I don't agree with your spark testing method. There is a lot more than 12 volts coming off the end of a spark plug wire. I suspect all you did there is blow the bulb out of your test light. Try this, pull a spark plug and connect it back on the wire. Hold it against the engine block to ground it and watch the spark plug while someone tries cranking the starter. See if you have spark then.
Well, I figured the same thing, but the test light still works. I was reluctant to try it, but a buddy of mine does it that way and he said that it works, and I thought I'd have to do it alone, so I tried it.
Yeah, I always stuck a flathead screwdriver in the boot and held it close to the block, but it was a bright day.
Quote:
Originally Posted by bastard
Can you hear the fuel pump cycle when you first turn the key on?
Yeah, I can hear it power on for a moment each time
Quote:
Originally Posted by bastard
Even if you hear the pump, it may not be producing enough pressure for the injectors to operate properly. You may need to check your fuel pressure.
Thanks.
I'll try that.
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Old 09-25-2007, 03:44 AM   #4
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If the CPS went out it wouldn't have thrown a code (99% of the time at least).

Since you're only getting a code 12, that means that most of your sensors are properly functioning (with exceptions).

The stalling sounds an awful lot like a bad CPS, but defiantly check for fuel pressure first as that sounds like it could be a good possibility as well (and much easier to diagnose).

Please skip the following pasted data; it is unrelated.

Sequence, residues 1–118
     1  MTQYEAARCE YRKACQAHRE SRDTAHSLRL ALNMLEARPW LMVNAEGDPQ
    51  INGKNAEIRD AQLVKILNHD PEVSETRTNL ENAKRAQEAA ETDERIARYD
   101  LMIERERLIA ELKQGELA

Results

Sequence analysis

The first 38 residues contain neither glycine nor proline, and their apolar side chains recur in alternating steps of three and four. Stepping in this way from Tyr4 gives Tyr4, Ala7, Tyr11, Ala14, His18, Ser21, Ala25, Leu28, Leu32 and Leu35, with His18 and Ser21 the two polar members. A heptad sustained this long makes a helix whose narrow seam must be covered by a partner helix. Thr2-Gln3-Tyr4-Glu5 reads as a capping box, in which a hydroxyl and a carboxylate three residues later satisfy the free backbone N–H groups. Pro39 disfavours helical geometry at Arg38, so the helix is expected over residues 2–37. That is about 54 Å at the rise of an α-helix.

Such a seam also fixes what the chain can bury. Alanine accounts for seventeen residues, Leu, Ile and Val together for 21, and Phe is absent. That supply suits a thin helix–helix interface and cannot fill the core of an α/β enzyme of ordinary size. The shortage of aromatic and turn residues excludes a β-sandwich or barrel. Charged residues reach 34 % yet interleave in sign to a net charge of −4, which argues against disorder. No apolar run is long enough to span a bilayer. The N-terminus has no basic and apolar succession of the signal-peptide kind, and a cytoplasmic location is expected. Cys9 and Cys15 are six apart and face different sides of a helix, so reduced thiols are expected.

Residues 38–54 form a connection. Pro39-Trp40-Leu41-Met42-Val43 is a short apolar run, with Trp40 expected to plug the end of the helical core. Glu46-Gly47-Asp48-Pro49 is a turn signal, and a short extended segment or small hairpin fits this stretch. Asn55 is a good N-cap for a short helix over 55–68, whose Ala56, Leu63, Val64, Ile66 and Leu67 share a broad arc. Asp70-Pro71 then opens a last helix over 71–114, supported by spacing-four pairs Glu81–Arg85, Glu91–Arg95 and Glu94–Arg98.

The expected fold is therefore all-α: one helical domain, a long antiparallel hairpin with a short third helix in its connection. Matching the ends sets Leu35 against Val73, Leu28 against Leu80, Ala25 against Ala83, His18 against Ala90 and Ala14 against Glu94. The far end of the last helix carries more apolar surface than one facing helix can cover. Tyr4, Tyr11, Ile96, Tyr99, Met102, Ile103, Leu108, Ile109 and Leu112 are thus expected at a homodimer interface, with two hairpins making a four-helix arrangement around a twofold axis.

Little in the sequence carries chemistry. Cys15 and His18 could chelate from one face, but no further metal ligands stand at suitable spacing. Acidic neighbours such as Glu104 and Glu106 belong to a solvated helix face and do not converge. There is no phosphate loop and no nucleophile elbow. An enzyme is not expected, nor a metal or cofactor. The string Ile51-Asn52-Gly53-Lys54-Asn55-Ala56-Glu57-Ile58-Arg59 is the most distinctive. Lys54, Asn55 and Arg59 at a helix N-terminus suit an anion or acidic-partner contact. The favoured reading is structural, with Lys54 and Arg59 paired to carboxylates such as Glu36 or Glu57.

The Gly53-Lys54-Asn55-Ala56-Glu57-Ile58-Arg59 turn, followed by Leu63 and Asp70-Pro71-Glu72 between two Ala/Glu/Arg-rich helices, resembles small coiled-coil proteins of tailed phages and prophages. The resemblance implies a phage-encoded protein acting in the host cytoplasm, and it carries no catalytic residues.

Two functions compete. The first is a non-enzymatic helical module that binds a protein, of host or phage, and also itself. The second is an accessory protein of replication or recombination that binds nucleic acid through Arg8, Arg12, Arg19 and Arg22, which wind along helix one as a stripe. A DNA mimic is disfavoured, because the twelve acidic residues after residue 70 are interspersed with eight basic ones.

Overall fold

If you're hearing the pump prime when you turn the key over then that only means that its not dead and that you've not blown a fuse. But... it could be really weak. The quick and dirty way to test it would be to prime the pump (turn the key over but don't try to start it) and then depress the schrader valve (looks like an overgrown air filler nipple on the fuel rail). If you just get a dribble of fuel then definitely look into fuel pressure.

If you do end up needing to replace the CPS, its fairly easy to do once you get the harmonic balancer bolt off. You can access this from the passenger side wheel well, but to break it loose you'll need either a large impact gun or a really long breaker bar. 86 and 87 motors were particularly easy to do in comparison to later versions at least.

You might consider replacing the timing chain, gear, damper, etc. while you've got the balancer off if its not been done already (a bit of a paint to be taking the balancer on a off). Should be regular maintenance every 100k miles or so anyway.

Tutorial here: http://www.lesabret.com/phpBB/viewtopic.php?t=5516 (Vin C very close to your Vin B (or is it 3?), other than part numbers of course).

If you ever need LeSabre specific information feel free to drop over at LeSabreT , otherwise they're nearly identical to Bonnies and theres a wealth of info here.
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Old 09-25-2007, 02:58 PM   #5